Collaborative Drug Therapy Management by Pharmacists - 2003

American College of Clinical Pharmacy, Raymond W. Hammond, PharmD, FCCP, Amy H. Schwartz, PharmD, Marla J. Campbell, PharmD, Tami L. Remington, PharmD, Susan Chuck, PharmD, Melissa M. Blair, PharmD, Ann M. Vassey, PharmD, Raylene M. Rospond, PharmD, FCCP, Sheryl J. Herner, PharmD, and C. Edwin Webb, PharmD, MPH


Pharmacotherapy. 2003;23(9) 

In This Article

Impact of Pharmacists Performing Collaborative Drug Therapy Management

The number and types of CDTM practices has increased substantially since 1997. Pharmacists in a variety of practice settings are providing clinical services through arrangements structured with individual physicians, physician groups, and institutions. The body of evidence in support of pharmacists providing clinical services has grown. Economic, clinical and humanistic outcome assessments have been performed in many practice environments.

Much of the evidence supporting pharmacist involvement in CDTM is derived from experience in ambulatory care settings. In a 1999 review, 95 studies were identified, including 21 that represented community pharmacy practice.[42] The goal of the investigation was to identify gaps in the literature regarding clinical, economic, and humanistic outcomes analyses. The research methods of each study was analyzed to develop recommendations for future endeavors. All three types of outcomes, as well as combined outcomes, have been addressed in the pharmacy literature; however, no single report has addressed all three areas. The research methods included surveys, retrospective reviews, prospective open-label trials, and randomized, controlled studies. Despite efforts to control for confounders and biases, methodologic flaws were appreciated. Most of the studies reported positive outcomes resulting from pharmacist interventions; however, the impact of methodologic flaws remains unclear. To ensure the integrity of future investigations, the authors recommended more randomized, controlled, multicenter trials, with power analyses.[42] Collaboration among pharmacy practitioners (i.e., multicenter analyses), as well as combined clinical, economic and humanistic outcomes assessments, were highly encouraged.

In a similar analysis, previous recommendations regarding ambulatory clinical pharmacy services were updated.[43] Insight regarding how ambulatory practice has changed over the past decade was provided along with recommendations to ensure continued expansion and success. Advice was provided regarding how to overcome stereotypical perceptions often encountered during communications with the lay public, insurers, and legislators. The authors evaluated outcomes assessments from different ambulatory care settings, describing positive findings and pitfalls. Similar to the 1999 review, concerns related to research design and methodologic parity were described, as were recommendations for randomized, controlled, multicenter trials, specifically with respect to identifying the effects clinical pharmacy services have on morbidity and mortality. A study that demonstrated that clinical pharmacy services improved morbidity and mortality in patients with heart failure was highlighted.[30] Another study showed similar improvements in patients with coronary heart disease.[27]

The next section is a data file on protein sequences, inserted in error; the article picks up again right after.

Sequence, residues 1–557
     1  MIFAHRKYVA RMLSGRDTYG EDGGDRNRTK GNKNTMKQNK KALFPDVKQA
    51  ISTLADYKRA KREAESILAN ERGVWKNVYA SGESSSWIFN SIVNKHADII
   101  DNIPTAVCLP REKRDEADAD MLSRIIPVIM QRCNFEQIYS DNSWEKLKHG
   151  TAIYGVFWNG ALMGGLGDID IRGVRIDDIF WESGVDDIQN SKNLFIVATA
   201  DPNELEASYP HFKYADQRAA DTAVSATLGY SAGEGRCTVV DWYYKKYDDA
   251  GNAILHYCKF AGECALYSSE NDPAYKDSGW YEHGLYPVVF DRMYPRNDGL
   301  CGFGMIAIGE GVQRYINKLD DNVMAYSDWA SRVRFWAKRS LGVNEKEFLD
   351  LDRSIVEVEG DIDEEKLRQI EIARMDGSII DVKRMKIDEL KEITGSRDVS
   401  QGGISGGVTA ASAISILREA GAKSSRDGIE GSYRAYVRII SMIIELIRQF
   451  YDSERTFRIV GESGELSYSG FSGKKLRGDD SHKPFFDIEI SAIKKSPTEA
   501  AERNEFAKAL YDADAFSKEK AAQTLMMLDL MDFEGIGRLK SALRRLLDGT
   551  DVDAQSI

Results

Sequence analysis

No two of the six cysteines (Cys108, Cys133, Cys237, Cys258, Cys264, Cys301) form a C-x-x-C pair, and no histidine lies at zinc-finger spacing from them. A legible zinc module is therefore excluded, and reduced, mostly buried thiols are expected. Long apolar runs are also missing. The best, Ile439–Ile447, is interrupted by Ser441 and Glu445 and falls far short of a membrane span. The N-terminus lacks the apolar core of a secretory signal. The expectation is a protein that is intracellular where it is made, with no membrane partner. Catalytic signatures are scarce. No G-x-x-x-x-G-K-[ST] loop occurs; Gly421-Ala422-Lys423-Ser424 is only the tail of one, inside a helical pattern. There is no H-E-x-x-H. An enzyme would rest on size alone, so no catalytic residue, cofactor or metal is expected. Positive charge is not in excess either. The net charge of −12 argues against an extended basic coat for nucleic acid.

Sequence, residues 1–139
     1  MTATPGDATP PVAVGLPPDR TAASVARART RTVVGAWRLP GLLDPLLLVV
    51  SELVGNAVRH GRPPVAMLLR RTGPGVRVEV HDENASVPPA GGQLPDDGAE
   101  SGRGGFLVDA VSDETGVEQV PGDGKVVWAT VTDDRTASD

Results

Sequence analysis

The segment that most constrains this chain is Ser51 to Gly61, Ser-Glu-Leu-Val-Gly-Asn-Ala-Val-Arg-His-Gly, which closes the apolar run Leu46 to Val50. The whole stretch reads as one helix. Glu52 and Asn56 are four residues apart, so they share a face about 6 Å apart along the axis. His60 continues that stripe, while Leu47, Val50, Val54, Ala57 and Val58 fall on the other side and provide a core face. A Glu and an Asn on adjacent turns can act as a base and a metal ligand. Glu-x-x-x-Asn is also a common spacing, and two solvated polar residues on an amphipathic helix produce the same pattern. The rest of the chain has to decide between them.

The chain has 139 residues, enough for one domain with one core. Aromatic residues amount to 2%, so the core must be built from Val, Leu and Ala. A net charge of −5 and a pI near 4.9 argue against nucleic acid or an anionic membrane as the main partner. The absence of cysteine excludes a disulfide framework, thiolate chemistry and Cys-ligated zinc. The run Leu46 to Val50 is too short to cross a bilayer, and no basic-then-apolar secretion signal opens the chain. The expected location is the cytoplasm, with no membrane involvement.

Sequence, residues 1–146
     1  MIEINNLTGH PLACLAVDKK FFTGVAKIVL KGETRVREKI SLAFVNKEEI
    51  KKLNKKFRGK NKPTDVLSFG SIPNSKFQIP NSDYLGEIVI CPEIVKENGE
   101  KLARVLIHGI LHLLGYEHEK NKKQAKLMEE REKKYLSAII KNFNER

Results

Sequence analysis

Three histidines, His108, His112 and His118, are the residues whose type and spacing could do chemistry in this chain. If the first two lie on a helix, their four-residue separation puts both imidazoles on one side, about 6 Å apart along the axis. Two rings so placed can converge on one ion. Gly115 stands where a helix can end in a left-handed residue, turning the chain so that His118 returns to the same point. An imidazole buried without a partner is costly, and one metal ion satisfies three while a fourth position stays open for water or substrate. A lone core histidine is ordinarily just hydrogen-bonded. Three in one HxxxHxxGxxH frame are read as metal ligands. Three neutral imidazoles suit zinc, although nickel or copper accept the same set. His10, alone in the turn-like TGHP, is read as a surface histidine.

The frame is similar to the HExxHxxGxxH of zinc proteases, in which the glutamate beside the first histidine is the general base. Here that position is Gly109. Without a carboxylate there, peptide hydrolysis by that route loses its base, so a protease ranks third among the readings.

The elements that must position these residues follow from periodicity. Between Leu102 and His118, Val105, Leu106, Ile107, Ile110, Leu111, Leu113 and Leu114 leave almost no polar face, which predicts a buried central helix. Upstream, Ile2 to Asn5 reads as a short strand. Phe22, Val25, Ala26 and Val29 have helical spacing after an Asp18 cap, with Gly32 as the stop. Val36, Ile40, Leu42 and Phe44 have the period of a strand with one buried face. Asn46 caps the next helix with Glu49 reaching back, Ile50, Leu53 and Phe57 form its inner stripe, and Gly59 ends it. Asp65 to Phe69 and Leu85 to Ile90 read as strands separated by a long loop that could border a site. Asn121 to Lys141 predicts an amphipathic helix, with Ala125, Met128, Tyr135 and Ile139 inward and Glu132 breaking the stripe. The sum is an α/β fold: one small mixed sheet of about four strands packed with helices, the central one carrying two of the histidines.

In 1996, the results of an analysis of economic evaluations of clinical pharmacy services from 1988-1995 were published.[44] In 2003, an update of this analysis compared and contrasted the original findings with 59 newly identified, more recently published studies.[45] A trend toward more reports from ambulatory settings (including community practice) was noted. The number of pharmacotherapeutic or disease management programs had increased, with less emphasis on specialized and targeted drug programs. These changes are consistent with those being seen in clinical practice. Inclusion of studies and reports from other countries was a new addition, thus emphasizing the expansion of CDTM.

Similar to the previous analysis,[44] 85% of the studies in the 2003 analysis[45] reported positive results. Median cost-benefit analysis data remained consistent (4.09:1 vs 4.68:1 for previous and 2003 analyses, respectively); however, mean values changed dramatically (16.7:1 vs 5.54:1, respectively), which was attributed to a lone outlier in the original analysis. Limitations were discussed, one of which was the need for enhanced efforts when developing research protocols. Recommendations were consistent with those presented previously.

In an effort to promote the merits of contemporary pharmacist patient care services to legislative officials and others, 10 national pharmacy organizations joined forces in 1999 to form the Alliance for Pharmaceutical Care. One document developed by the Alliance, "Evidence of the Value of the Pharmacist,"[38] summarized some of the key literature supporting the efforts of pharmacists from the past decade.[26,27,28,29,30,31,32,33,34,35,36,37]

As noted earlier, the ACP-ASIM recently released a position statement that provides positive, if somewhat narrow, support of CDTM.[6] However, this was not the first position statement from a nonpharmacy group regarding CDTM. In 1997, the Infectious Diseases Society of America (IDSA) published a document noting physician support for CDTM. Whereas the ACP-ASIM statement was more global in focus, the IDSA document specifically addressed collaboration among hospital (clinical) pharmacists and infectious diseases specialists (physicians).[46] It is important to note that the overall tone of the ACP-ASIM paper suggests enhanced appreciation and understanding of pharmacist roles and responsibilities.


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